For a common and accurate definition of Fetal Alcohol Spectrum Disorder…
At CanFASD, we have been working to create a common definition of FASD for use in a Canadian context.
We believe that if all governments, service agencies, and researchers use a common definition of FASD, it will:
- Reduce stigma, given that many existing definitions are quite harsh and use incorrect or outdated information
- Increase understanding of the disability
- Increase consistency in our messaging
- Reduce confusion
When talking about FASD, we recommend that individuals avoid:
- Referring to FASD as something that is “caused by” or is “the result of” a mother consuming alcohol while pregnant, as this can inadvertently place blame
- Fatalistic terminology and phrasing (e.g., “with no cure”, “devastation”, “preventable”, and “average life expectancy”)
- Outdated terms, like “mental deficiency” and “mental retardation”
- In line with our language guide, avoid the terms primary and secondary disabilities
Our draft definition has received feedback from our CanFASD staff, our team of Research…
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What is this research about?
Fetal Alcohol Spectrum Disorder (FASD) is the leading cause of a developmental disability (DD) that could be prevented. The quality of life of people with FASD is improved when they begin interventions at an early age. It is not yet possible to screen a fetus for FASD before birth. Tests are under development that could be used to identify newborns that have been exposed to alcohol in the womb. There are ethical concerns that must be considered before a prenatal alcohol exposure (PAE) test is done. This research talks about the common ethical concerns related to screening for FASD.
What did the researchers do?
The researchers conducted a literature review using 3 databases. A variety of key words connected to FASD were used for the literature search. Ethical concerns with PAE tests were found after a review of relevant literature.
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Fetal alcohol spectrum disorders or FASD is a debilitating condition caused by the exposure to alcohol during the prenatal period. In other words, a consequence of maternal consumption of alcohol [Reviewed in (Liyanage et al., 2017)]. That is what the basic and most famous definition of FASD.
But I’d like to ask the question, is it only caused by the maternal consumption of alcohol during pregnancy. Or does alcohol exposure rather have intergenerational or transgenerational consequences?
The history and the drinking behavior of the mother prior to getting pregnant may influence their drinking behavior during pregnancy as well. In fact, a study by Chang, 2006 says “Previous alcohol use by the pregnant woman was the strongest predictor of prenatal alcohol use.” (Chang et al., 2006). The maternal drinking behavior is also known to be impacted by father’s (male partner’s) alcohol or substance abuse behaviors as it may encourage the mothers to continue drinking (Högberg et al., 2016). The domestic violence, spousal abuse and trauma caused by partner’s alcohol problems may be a causative factor for some women to seek alcohol as a way of relief (Gearing et al., 2005), regardless of their awareness of the harmful effects of alcohol. Therefore, the paternal contribution to FASD may not be simply ignored. We should also praise the partners who made an attempt to change their drinking behaviors after being aware of the pregnancy and the partners who protect mothers from consuming alcohol (Gearing et al., 2005; Högberg et al., 2016).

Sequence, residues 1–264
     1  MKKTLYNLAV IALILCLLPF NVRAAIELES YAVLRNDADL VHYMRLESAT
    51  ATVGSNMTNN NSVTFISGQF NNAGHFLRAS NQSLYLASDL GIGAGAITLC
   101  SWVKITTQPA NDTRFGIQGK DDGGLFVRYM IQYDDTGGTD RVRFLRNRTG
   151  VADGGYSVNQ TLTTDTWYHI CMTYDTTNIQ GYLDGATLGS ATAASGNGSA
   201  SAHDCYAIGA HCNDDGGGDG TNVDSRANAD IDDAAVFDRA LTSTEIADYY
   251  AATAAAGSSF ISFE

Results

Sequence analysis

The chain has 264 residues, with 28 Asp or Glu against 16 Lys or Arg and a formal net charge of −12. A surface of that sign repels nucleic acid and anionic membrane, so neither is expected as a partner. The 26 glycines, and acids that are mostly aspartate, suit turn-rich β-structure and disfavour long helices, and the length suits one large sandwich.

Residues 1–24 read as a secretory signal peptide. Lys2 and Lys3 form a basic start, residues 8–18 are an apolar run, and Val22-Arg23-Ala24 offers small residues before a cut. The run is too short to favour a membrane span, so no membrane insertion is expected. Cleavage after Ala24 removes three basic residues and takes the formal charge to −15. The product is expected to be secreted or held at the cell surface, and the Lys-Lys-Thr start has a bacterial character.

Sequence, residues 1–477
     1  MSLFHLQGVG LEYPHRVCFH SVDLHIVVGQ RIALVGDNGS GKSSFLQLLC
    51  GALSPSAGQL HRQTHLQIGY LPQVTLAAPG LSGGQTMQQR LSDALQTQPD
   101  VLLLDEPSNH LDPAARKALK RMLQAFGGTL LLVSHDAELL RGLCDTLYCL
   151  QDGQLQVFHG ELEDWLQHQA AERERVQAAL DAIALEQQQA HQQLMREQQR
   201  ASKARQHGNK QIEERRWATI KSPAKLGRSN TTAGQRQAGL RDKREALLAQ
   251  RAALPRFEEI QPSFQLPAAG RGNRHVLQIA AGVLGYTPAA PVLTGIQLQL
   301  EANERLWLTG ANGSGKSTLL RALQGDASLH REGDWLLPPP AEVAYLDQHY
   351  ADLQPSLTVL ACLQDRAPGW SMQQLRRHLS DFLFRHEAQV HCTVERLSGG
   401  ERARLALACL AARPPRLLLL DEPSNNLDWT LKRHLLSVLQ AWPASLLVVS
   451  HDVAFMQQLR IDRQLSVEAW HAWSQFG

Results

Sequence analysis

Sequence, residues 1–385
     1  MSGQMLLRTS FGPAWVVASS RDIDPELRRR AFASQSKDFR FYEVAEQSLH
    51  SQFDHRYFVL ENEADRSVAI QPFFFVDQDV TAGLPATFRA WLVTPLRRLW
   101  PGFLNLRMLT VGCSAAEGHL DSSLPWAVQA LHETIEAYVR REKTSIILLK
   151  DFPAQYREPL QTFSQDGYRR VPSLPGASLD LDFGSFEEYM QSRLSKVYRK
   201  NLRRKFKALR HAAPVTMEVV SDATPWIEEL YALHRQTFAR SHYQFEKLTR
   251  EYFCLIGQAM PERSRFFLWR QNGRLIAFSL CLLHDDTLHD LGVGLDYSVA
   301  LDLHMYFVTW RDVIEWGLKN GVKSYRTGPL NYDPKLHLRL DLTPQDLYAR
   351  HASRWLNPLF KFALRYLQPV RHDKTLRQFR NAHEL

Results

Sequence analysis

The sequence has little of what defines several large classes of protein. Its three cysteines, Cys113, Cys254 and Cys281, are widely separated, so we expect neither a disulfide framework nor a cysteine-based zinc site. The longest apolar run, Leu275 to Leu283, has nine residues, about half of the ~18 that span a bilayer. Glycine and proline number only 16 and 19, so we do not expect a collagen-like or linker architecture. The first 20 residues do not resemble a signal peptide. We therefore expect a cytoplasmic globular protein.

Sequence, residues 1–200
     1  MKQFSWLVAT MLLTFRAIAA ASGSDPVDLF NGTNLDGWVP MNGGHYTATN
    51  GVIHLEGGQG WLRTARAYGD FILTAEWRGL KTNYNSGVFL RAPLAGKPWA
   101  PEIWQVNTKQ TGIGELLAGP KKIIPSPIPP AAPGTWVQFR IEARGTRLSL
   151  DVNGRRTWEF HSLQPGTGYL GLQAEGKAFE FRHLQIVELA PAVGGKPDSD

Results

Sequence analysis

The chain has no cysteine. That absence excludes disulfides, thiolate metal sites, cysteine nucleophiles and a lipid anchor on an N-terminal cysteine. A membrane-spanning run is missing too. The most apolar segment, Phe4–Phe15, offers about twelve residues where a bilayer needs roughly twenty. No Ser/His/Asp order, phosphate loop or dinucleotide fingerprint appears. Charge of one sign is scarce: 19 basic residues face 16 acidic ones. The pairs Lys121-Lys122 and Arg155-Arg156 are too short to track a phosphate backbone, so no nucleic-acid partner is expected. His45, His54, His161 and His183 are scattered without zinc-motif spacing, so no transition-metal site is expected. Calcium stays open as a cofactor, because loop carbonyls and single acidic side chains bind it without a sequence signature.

A child with FASD and a mother who consumed alcohol while pregnant already makes it a problematic phenomenon of two generations. But mother and the child are not the only ones entangled in this problem. Their family is the next generation that is impacted. For example, grandparents, close or distant relatives, sometimes neighbours often acquire the role of ‘caregiver’ of the child with FASD (Healthy Child Manitoba, 2015; Hussain et al., 2012) as well as the mother who is undergoing social stigma, shame, guilt and sometimes alcohol dependency issues and required to abide by properly organized intervention programs. Therefore, the issues associated with FASD and alcohol go far beyond a single family.
Due to the nature of their disease conditions and impaired ability to follow rules, many youth and adults with FASD get involved with the justice system (Flannigan et al., 2018). They may cause community disturbances, violent behaviors among other crimes. Therefore, at this point, it becomes a societal problem beyond a single family.
The above explains the ‘Intergenerational Phenomenon of FASD’.
But what is this ‘Transgenerational Phenomenon of FASD‘? Transgenerational means the effects of alcohol exposure could be transmitted over generations, from father or mother to the children. This is best explained by transgenerational epigenetic mechanisms.
Epigenetic mechanisms are processes that cause changes beyond the genomic sequence, such as DNA methylation and histone post-translational modifications, the changes that occur on DNA and DNA bound proteins (Liyanage et al., 2014). The transgenerational epigenetic concept suggests that the insult of alcohol exposure preconception to the father or the mother, that can make heritable epigenetic changes in germ cells (sperms/eggs) [Reviewed in (Liyanage et al., 2017)]. Such that, the memory of the alcohol insult is transmitted to the child. There is some evidence to support this theory of transgenerational epigenetic memory in animal models (Abbott et al., 2018; Govorko et al., 2012; Popoola et al., 2017).